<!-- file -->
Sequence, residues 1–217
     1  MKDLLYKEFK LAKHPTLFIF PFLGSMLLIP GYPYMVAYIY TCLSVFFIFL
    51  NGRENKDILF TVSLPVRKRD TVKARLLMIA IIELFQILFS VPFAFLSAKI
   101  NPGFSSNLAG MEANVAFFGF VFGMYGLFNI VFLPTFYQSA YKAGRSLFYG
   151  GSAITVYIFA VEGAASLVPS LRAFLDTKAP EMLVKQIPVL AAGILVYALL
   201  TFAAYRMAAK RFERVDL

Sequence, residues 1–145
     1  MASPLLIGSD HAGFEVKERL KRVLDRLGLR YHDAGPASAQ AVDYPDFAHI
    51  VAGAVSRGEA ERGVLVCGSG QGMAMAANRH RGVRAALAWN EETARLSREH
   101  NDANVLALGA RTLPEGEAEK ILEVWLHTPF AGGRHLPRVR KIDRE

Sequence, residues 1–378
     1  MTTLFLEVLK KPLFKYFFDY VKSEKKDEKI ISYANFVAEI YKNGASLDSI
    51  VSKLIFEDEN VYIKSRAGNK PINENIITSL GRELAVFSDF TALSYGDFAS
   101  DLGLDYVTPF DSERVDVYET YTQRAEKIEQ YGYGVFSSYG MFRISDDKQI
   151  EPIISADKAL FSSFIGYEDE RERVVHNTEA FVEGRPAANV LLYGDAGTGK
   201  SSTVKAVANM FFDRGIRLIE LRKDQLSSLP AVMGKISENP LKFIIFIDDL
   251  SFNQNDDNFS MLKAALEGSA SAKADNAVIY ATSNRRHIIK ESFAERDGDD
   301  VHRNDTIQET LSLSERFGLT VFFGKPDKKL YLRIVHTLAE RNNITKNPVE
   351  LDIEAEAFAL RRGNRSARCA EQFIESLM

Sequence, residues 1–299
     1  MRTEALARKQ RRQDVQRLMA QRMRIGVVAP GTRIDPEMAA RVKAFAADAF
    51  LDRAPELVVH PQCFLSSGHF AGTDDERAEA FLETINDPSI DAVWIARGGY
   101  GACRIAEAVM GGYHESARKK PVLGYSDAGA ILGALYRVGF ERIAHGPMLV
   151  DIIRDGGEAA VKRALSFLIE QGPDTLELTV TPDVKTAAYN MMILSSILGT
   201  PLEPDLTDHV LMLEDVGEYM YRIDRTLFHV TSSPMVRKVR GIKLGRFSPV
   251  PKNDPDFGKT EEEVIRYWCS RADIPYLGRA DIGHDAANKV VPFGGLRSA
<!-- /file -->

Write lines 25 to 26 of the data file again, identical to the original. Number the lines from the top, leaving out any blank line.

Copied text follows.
   201  PLEPDLTDHV LMLEDVGEYM YRIDRTLFHV TSSPMVRKVR GIKLGRFSPV
   251  PKNDPDFGKT EEEVIRYWCS RADIPYLGRA DIGHDAANKV VPFGGLRSA